Scammers pose as NOVEC reps
From a NOVEC release:
MANASSAS, Va. — Scam artists are deceiving homeowners, renters, and businesses in Virginia and across the nation. In the last month, an area restaurant, a grocery store, and an ice cream shop have been victimized by fraudulent callers who claimed to be representing Northern Virginia Electric Cooperative.
NOVEC warns all consumers to be alert to anyone who claims to represent NOVEC and directs them to pay bills with a specific prepaid debit card. Any Co-op consumer who receives a suspicious call should report it to their local police and to NOVEC at 703-335-0500 or toll-free 1-888-335-0500.
“We’ve had a lot of reports from customers about callers who say they’re with NOVEC and demand money through prepaid debit cards,” says Pam Ringel, NOVEC customer service center supervisor. “We’ve even had reports from people who live in Maryland and West Virginia where NOVEC doesn’t provide electric service.”
Scammers are posing as representatives of utilities, other businesses, and police departments. Scammers usually call on the phone, often with “spoofing” technology that indicates on Caller ID that the call is coming from a legitimate business. But some scammers are going to homes and businesses, posing as utility workers, and asking for entry. The Stafford County Sherriff’s Office sent a news release in June about two men posing as power company employees who went to the home of an elderly female. The imposters said they needed to check her lights. While she was distracted, the imposters stole an undetermined amount of cash.
Sheriff Charles Jett said, “This is a mean-spirited crime aimed at some of our most vulnerable citizens.”
In July, a NOVEC customer jotted down the return phone number of a scam call he received and reported it to NOVEC. Ringel called the number. A recording said, “You have reached the gas & electric disconnection and dispatch department.” Ringel said, “Notice how a specific company’s name is not given, nor is the name of any specific individual. I don’t know of any legitimate company that doesn’t have their name listed in the greeting of their voice messages.”
Last spring, a NOVEC employee who lives outside of the Co-op’s service territory received an automated call that indicated it was from her electricity provider. The message said her bill was overdue and instructed her to purchase a prepaid debt card, then call back and provide the number on the card. “I knew it was a scammer,” the employee said, “because my payments are electronically transferred from my bank automatically each month.”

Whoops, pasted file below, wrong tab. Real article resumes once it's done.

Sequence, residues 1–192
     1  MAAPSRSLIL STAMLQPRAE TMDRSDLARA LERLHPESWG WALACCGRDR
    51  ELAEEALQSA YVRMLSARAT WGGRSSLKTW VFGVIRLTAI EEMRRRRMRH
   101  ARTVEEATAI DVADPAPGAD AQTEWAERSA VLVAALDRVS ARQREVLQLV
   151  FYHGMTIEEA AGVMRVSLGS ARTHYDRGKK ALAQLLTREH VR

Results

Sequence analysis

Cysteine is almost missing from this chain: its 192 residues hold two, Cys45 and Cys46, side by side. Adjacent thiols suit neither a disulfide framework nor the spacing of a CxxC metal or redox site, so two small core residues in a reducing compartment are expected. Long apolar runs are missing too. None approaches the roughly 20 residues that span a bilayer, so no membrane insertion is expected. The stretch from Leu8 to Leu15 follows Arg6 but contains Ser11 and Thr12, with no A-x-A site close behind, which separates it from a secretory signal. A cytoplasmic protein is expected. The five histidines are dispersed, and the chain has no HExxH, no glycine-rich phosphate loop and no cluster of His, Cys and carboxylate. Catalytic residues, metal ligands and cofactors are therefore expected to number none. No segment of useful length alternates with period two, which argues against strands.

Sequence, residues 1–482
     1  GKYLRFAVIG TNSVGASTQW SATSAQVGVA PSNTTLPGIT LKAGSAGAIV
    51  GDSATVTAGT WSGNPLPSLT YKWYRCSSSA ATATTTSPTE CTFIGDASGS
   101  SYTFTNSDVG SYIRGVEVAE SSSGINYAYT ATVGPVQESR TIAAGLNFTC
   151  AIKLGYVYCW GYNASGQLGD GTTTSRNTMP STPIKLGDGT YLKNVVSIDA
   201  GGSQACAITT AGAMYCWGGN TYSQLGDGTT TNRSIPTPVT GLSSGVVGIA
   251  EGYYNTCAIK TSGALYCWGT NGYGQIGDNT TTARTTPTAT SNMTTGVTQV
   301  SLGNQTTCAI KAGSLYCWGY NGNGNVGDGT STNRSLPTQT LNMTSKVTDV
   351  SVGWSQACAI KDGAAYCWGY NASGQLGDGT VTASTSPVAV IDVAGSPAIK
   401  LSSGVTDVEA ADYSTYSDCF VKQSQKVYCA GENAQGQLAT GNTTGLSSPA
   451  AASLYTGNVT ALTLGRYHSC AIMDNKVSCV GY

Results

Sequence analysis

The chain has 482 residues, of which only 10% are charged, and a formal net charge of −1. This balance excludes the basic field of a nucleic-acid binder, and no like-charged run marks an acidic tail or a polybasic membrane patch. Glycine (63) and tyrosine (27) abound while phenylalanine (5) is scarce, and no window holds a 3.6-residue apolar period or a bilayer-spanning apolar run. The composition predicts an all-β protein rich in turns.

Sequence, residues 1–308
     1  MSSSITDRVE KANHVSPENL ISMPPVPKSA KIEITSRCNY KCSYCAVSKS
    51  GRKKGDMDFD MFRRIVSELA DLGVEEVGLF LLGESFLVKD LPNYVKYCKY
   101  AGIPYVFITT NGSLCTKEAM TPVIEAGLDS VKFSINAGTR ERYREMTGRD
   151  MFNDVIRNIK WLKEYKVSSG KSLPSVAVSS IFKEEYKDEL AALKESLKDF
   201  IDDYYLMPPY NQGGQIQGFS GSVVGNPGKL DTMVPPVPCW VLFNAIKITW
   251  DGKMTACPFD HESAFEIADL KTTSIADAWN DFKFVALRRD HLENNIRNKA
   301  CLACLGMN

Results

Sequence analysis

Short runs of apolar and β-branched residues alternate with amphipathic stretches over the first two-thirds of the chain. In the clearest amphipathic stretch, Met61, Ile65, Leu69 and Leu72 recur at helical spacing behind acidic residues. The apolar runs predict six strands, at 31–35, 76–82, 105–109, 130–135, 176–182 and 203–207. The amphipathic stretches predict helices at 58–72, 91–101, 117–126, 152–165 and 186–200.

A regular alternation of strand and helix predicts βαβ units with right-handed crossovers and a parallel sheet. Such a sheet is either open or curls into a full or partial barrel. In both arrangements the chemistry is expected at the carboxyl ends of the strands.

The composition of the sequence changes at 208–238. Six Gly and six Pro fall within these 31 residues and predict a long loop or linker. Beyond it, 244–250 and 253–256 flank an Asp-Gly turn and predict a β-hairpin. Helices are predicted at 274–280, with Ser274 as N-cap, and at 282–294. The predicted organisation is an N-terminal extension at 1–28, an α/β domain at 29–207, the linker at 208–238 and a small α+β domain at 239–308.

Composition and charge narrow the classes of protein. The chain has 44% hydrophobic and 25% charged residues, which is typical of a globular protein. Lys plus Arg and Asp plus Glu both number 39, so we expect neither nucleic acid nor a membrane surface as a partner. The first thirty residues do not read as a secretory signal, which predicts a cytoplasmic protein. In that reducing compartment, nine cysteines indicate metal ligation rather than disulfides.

"NOVEC sometimes places automated courtesy phone calls to remind customers that their accounts are past due, but the messages never ask for Social Security, credit card, debit card, or bank account numbers, or give a dollar amount that a customer must pay," Ringel states. "Nor do the messages tell customers what payment method to use. We’re advising Co-op members to call customer service at 703-335-0500 or 1-888-335-0500 to verify their account information after receiving suspicious calls or text messages, even if the number displayed on their phones is NOVEC’s. We’re also advising them to contact the police or report the incident to a consumer affairs bureau.”
The police have also been drawn into the scam epidemic. The Fairfax County Police have told citizens to be alert to callers who claim to be detectives and use scare tactics to bully victims into giving personal and financial information. The Sully District Station said, “Under no circumstances should you provide these individuals your information or meet with them in person to give them money.” The station said to report scam attempts to the police.
Regarding imposters who show up at the door and claim to be Co-op employees, Ringel points out that NOVEC service personnel wear Co-op uniforms, and their vehicles display NOVEC’s name and logo clearly. Ringel says, “If you feel threatened, lock your door and call 911 immediately. Then call NOVEC to verify a suspicious person’s identity.”
The Virginia Attorney General’s office notes that scammers are apparently targeting Spanish-speaking and elderly people and businesses in particular.
Protect yourself and your family
*Always attempt to verify the identity of a caller who claims to represent a business. Do not provide money or personal information to an unsolicited caller whose identity cannot be verified.
*Do not make a payment by purchasing a Green Dot card or other means when told to do so.
*If using MoneyPak, never give your MoneyPak number or receipt information to someone you don’t know. Use MoneyPak only to reload prepaid cards or accounts you control.
*Always take time making a decision. Legitimate companies don't pressure customers to make snap decisions.
*If you received a suspicious call and made a payment to the scammer, report it to the local police, or to state or federal law enforcement agencies such as the Federal Trade Commission.
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